extermination camps", said Cioaba.

He gave as example the period in which marshal Ion Antonescu had
enforced a plan targeting the ethnic Roma extermination, the period they
had been confiscated their possessions. Also, Florin Cioaba warned the
state authorities that in the event the ethnic Roma are left aside and
are not included in the new law on the victims of the Holocaust, the
members of the ethnic are wiling to get out in the street for protests
to claim their rights.

A month ago, president Traian Basescu resent the Parliament, for
re-examination, the Law on enacting Government E.O. no. 31/2002, on
banning the fascist, racist or xenophobic-like organizations and the
symbols, suggesting the definition of the Holocaust should include the
ethnic Roma minority. According to the release given by the Presidency,
article 2 letter.d) should enclose the ethnic Roma minority. Including
the ethnic Roma minority in the stipulations of the article is
"natural”, informs the cited document, despite of the different nature
of the sacrifice of this ethnics. This idea was backed up by several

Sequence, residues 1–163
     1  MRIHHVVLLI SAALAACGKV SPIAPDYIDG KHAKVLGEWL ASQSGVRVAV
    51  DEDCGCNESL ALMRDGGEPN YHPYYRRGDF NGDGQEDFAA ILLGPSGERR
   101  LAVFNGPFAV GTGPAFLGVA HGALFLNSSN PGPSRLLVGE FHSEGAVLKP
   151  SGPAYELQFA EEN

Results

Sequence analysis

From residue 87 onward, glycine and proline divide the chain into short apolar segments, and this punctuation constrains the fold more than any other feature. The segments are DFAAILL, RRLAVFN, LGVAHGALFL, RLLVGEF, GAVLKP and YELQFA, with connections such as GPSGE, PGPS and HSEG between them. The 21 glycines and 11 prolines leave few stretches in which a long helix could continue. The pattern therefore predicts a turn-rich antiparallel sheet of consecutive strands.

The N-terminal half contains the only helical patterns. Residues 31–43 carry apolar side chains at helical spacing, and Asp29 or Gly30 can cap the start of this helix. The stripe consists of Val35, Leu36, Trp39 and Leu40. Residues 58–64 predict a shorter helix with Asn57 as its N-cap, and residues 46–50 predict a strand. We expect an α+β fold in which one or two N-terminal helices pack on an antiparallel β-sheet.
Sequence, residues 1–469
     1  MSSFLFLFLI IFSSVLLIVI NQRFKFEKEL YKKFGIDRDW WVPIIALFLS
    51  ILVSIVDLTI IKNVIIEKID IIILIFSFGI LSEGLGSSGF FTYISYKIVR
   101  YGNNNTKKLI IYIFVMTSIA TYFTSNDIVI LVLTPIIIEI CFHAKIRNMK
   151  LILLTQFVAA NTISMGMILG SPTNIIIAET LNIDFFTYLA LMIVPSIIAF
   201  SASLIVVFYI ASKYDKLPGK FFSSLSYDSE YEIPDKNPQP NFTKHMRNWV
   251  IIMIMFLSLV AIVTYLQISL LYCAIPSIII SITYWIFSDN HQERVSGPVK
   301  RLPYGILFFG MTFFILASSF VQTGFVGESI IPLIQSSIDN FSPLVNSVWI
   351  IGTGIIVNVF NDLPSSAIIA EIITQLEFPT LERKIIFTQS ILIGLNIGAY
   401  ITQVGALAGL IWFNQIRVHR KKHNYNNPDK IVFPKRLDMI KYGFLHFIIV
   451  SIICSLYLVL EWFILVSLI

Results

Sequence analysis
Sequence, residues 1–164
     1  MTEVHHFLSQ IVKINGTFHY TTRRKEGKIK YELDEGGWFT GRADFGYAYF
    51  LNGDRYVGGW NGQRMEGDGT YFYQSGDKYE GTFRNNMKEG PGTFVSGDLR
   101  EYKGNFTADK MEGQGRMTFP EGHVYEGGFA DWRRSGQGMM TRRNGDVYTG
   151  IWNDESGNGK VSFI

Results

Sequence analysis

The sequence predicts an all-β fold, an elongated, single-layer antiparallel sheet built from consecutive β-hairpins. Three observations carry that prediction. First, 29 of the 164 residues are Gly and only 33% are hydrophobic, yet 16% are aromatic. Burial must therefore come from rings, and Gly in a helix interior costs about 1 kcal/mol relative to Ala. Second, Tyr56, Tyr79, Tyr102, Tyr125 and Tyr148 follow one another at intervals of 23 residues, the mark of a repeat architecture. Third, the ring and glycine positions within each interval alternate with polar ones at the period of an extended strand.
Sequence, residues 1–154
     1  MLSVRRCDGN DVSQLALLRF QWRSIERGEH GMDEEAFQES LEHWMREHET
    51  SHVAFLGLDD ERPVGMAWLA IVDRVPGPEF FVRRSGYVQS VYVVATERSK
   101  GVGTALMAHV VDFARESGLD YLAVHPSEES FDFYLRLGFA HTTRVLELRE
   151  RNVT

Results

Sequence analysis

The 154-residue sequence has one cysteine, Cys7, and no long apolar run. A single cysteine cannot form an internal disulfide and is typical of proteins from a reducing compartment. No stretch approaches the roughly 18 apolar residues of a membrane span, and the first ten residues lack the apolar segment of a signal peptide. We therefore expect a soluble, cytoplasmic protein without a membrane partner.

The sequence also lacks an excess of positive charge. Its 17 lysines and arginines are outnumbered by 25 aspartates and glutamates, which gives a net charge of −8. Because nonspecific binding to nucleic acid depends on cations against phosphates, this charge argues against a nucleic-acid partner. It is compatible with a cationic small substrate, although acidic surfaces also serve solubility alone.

international documents, including the Report of the International
Commission for Studying the Holocaust in Romania, established in 2003 at
the president’s initiative and designed as an independent research body,
beyond any political influences.

In the current draft of the normative act, the Holocaust is defined as
"the systematic state-sponsored persecution and the genocide of the
European Jews by the Nazi Germany, as well as by its allies and
collaborators during 1933-1945", also said the open letter addressed the
Author: DIVERS


The national minorities' status law risks destabilizing the ruling
coalition, as MEPs expressed concern over the rejection of the law by
the Senate and the consequences this may have for the EC's decisive
report in April.

“European Enlargement Commissioner Olli Rehn exceeded his attributes
when he talked about the draft law on national minorities' status as
positive, without analyzing whether the project is constitutional”,
according to the head of the National Initiative Party, Cozmin Gusa. He
told a press conference last week that the European representative had
probably become the victim of "an extremely efficient external lobby" in
favor of the minorities' status law. The national minorities' status has
been widely debated by coalition leaders. The law stipulates cultural